Very good question. There's a grain of truth in what user947 said, even if s/he's wrong about tense and aspect.
Hebrew doesn't have a perfect tense: it has a qatal construction. Hebrew doesn't have an imperfect tense: it has a yiqtol construction. The terms of European grammar have enjoyed a long tradition as the default lens through which all other languages are analyzed, but now we're more open to the idea that they don't always fit.1
Of course, there's certainly overlap, which is what makes translation and intelligibility possible at all. But it's a mistake to think that there's a perfect match (no pun intended). Instead, we have to establish the range of semantic and syntactic information that words and grammatical forms convey through careful study of how they're used in different contexts.
How do we know what a word means or what SRE information a verb form indicates? By finding passages that appear unambiguous. And if they conflict — well, we assume there's a range of uses or change over time.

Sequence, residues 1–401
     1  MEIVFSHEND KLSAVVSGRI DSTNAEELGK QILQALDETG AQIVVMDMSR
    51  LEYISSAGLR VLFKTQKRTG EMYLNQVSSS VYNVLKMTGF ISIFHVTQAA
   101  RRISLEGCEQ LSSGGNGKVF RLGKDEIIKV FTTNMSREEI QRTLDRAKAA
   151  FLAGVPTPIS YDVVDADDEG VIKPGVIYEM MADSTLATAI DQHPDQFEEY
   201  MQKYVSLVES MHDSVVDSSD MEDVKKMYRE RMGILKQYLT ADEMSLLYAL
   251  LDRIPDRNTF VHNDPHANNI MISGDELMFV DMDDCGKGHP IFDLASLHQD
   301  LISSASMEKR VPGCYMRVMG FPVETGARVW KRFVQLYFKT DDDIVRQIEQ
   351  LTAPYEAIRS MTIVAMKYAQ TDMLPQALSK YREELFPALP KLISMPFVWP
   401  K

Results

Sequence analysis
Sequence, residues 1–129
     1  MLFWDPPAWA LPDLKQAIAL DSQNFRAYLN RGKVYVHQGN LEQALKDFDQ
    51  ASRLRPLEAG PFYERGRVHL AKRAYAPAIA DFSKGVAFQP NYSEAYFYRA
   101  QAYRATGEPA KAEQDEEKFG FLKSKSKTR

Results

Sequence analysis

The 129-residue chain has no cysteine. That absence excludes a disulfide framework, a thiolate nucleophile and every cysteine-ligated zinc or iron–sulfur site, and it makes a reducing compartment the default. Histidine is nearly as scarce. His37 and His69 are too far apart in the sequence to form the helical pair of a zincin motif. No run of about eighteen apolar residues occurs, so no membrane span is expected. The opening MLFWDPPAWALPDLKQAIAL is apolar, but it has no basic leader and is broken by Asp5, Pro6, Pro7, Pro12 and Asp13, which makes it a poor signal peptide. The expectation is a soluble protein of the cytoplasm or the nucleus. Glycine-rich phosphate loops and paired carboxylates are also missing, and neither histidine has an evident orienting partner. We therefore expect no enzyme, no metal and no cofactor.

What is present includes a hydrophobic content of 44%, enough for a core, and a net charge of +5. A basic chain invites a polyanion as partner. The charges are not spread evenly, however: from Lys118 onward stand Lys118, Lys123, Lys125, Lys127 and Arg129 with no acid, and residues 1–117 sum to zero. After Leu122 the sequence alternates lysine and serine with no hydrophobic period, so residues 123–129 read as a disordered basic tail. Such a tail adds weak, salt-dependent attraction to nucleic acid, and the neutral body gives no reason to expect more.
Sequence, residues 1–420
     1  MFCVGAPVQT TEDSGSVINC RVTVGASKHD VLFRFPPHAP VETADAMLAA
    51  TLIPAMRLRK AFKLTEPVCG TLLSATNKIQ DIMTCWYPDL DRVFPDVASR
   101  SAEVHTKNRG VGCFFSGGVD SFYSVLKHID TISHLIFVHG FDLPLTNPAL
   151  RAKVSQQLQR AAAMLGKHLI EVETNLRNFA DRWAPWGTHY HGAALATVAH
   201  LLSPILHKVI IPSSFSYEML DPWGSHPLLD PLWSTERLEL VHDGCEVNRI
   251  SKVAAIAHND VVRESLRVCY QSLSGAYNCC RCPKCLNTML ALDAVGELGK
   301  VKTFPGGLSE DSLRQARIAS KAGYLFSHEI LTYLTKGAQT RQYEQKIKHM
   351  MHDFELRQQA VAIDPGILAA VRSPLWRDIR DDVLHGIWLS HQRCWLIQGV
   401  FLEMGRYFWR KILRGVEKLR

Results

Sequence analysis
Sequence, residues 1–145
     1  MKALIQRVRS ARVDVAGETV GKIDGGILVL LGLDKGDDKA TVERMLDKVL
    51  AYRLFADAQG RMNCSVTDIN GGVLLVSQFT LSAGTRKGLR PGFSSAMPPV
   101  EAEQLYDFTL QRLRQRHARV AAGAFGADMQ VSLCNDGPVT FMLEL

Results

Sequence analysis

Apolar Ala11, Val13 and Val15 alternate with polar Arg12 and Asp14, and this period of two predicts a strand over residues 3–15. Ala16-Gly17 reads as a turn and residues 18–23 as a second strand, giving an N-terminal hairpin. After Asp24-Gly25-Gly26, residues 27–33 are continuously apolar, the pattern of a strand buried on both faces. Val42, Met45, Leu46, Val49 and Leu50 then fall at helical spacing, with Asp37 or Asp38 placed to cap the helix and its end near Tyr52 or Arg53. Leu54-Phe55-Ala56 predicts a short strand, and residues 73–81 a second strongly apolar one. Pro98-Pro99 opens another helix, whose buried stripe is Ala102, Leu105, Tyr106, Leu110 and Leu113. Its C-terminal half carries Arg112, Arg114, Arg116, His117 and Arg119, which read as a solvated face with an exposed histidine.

In the case of the qatal, there are contexts where it's certainly something that happened in the past. Interestingly, this is common in dialogue, compared to narration, where the wayyiqtol is preferred. But there are also contexts where it seems impossible to read it as a past event. One of the long-recognized ones is the so-called "prophetic perfect". If a prophet refers to future events using the qatal, what are we to make of it?2
Here's a good website that lists some of the functions of the qatal as catalogued by looking at different verses and figuring out the most likely meanings — over the couple thousand years people have been studying Hebrew grammar. These functions include completed actions in past time, yes; but also imaginary actions, performative actions, and stative actions. Those and others can be read into the poetry of the psalmists and prophets more easily than they can into historical narrative. I suggest reading over that page and seeing which ones seem to apply best in the verses you were asking about. (And if none of them do, keep asking questions!)
1 Nevertheless, the terms have stuck around.
2 Besides challenging much deeper-seated assumptions about prophecy. ;)